Magnificent – a fun evening with Elbow

The beautiful grounds of Hampton Court Palace

We went to see Elbow in concert on Friday night. It was a very beautiful evening in the impressive setting that is Hampton Court Palace. The slight breeze carried the band’s powerful, haunting melodies and clever, clever lyrics to the delighted ears of every Elbow fan.

“Another sunrise with my sad captains, with who I choose to lose my mind. And if it’s so we only pass this way but once, what a perfect waste of time.” (My Sad Captains)

After a picnic on the bright green grass of the historic gardens, we took our seats in the Palace courtyard for the concert. The section we were sitting in still had a few empty seats, apart from one in which a young man – a modest 6’7” in stockinged feet, I’d guess – sat, in front and slightly to the left of my seat. That gave me a perfect view of the back of his head, around which I could see the fringes of the stage lights. I wondered who’d invited Murphy and his Law to join us again.

(Murphy has accompanied us to a few concerts. Once to Kew the Music at Kew Gardens, when a woman pushed her way past us halfway through the concert to stand right in front of us. When my husband reached up to tap her on the shoulder and ask if she’d mind swapping places with us, she scoffed and told us to sue her for being tall. We also listened to Lisa Stansfield at one of her concerts, and caught occasional glimpses of her through the beer mugs of a group of people standing in front of us at Scala in King’s Cross. And then, in the midst of 65,000 fellow revellers at Hyde Park, waiting for Barbra Streisand to make her appearance, I asked a man in front of me if he wouldn’t mind shifting ever so slightly (I’m talking millimetres) to his left so I could see past him. He swung around, looked me up and down, and told me he wasn’t Jesus Christ and asked how the [expletive] I expected him to do that.

Those extreme experiences are fun memories to laugh about. Little knots in the thread of our music concert tapestry, haha!)

Back to Hampton Court Palace…

The concerts take place in a courtyard through a couple of those archways

My disappointment must have bored into the back of the young man’s head, as he moved into the empty seat to his left, giving me an unencumbered view of the stage. Yay! But that joy was to be short-lived; approximately seventeen seconds later a family arrived, and took up that and two more of those very seats to his left. The kind chap moved back to his original seat. Darn. Now what? Ha! There were still a few empty seats to his right…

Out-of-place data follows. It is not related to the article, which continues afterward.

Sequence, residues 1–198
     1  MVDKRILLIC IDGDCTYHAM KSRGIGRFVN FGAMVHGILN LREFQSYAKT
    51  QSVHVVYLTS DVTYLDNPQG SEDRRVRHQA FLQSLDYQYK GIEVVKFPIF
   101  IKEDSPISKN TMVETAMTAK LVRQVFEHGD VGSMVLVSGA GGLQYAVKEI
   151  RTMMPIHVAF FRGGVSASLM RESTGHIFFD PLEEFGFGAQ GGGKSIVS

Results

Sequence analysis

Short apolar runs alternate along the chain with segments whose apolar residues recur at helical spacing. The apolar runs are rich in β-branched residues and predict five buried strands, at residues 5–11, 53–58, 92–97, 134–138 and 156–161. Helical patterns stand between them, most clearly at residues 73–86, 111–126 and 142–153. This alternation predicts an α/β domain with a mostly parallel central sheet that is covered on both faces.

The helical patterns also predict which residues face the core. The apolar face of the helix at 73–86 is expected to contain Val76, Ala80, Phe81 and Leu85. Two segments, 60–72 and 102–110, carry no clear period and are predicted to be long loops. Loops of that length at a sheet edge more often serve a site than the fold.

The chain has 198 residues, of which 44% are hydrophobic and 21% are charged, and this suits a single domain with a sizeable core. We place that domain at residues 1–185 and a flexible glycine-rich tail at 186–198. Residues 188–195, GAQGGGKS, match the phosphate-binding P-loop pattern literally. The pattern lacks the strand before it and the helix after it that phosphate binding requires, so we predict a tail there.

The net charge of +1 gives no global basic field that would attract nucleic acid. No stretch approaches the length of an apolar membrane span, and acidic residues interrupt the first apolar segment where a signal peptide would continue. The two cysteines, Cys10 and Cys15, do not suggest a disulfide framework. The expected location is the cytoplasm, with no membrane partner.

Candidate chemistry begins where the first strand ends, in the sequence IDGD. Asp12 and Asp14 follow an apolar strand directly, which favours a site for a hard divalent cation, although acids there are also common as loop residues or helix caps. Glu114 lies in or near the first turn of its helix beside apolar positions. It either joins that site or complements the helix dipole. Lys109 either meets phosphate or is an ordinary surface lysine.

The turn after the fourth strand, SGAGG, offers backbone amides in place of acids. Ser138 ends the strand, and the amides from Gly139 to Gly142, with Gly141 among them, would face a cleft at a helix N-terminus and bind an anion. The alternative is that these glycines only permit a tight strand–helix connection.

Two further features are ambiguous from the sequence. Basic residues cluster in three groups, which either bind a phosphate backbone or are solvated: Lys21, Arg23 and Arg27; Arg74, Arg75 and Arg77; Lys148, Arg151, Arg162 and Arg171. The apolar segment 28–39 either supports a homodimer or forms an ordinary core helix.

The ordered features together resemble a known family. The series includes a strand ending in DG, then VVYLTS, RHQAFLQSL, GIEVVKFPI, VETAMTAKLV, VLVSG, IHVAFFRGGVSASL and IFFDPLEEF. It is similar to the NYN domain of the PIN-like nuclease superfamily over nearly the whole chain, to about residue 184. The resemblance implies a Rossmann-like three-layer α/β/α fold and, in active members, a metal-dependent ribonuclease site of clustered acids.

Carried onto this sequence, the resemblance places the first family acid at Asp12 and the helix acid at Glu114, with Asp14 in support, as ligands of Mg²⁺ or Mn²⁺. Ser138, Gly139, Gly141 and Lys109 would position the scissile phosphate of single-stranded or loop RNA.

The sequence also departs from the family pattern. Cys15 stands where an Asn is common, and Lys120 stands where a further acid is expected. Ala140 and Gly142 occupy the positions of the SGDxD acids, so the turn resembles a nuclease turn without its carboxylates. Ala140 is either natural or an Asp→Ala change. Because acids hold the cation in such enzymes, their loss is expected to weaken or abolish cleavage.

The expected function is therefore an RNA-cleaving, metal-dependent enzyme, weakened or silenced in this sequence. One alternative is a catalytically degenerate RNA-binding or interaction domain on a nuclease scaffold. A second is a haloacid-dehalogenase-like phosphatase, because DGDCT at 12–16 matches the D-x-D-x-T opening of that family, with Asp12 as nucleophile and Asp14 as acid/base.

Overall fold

The seats all around the venue started to fill up, and I kept an eye on those empty seats in front of us with greedy longing. One of those was mine, and I willed it to remain empty. And, as the concert began, it did. I waited to see if there were any late-comers, so enjoyed the opening number, Dexter & Sinister, from the very very edge of my seat, and the very very edge of my left buttock.

Guy Garvey, Elbow’s frontman and gifted lyricist, welcomed us warmly and told us how lovely it was to be performing again. He said it felt like they’d come home, and we all agreed. I decided to stay put for the dreamy, beautiful Mirrorball.

“We made the moon our mirrorball
The streets an empty stage
The city sirens violins
Everything has changed.”

The coast then looked clear so I took my cue, and my cushion, and moved to one of those seats in front of us. Ah, what bliss – with two empty seats in front of me, I had an uninterrupted view of the beautiful stage. It looked fabulous, and Fly Boy Blue/Lunette sounded sublime. I looked around, satisfied and, okay, a little smug.

The thing they say about pride also applies to smug, I guess. As I turned back to look at the stage as The Loneliness of a Tower Crane Driver began, two tall people nestled into those empty seats in front of me. After giving each other a few excited cuddles, which blocked my view completely, they settled into their own seats and I could see the stage – just! – between their heads. Until, that is, she took out her phone and started to video The Birds. I didn’t really feel like watching the rest of the concert through her phone, so I moved back to the very very edge of my original seat and, once more, to the very very edge of my left buttock. The irony of Elbow’s next number, The Bones of You, wasn’t lost on me.

Such a beautiful setting, under an azure sky, on a warm June evening

On the odd occasion when the guy in front of me moved his head slightly to the left, it wasn’t too bad, really. I was able to relax into the middle of my seat for the wonderful My Sad Captains, and a rousing and gorgeous Magnificent. After that, the couple two rows in front stood up and left. The move looked permanent, so I took my cushion and moved back to my first second seat to enjoy the wry Grounds for Divorce.

“There’s a hole in my neighbourhood down which of late I cannot help but fall.”

I should have known those lyrics to be a portent of the couple’s return to their seats. When they sat down, I wasn’t sure what to do next. I noticed the phone wasn’t coming out of the woman’s handbag, and the two weren’t cuddling as much this time, so I stayed. About fifty-five seconds later, they leapt to their feet, and so did everyone else. We all sang and danced and, as the band left the stage, all 3,000 of us clapped and stomped our feet to get the band back on for an encore.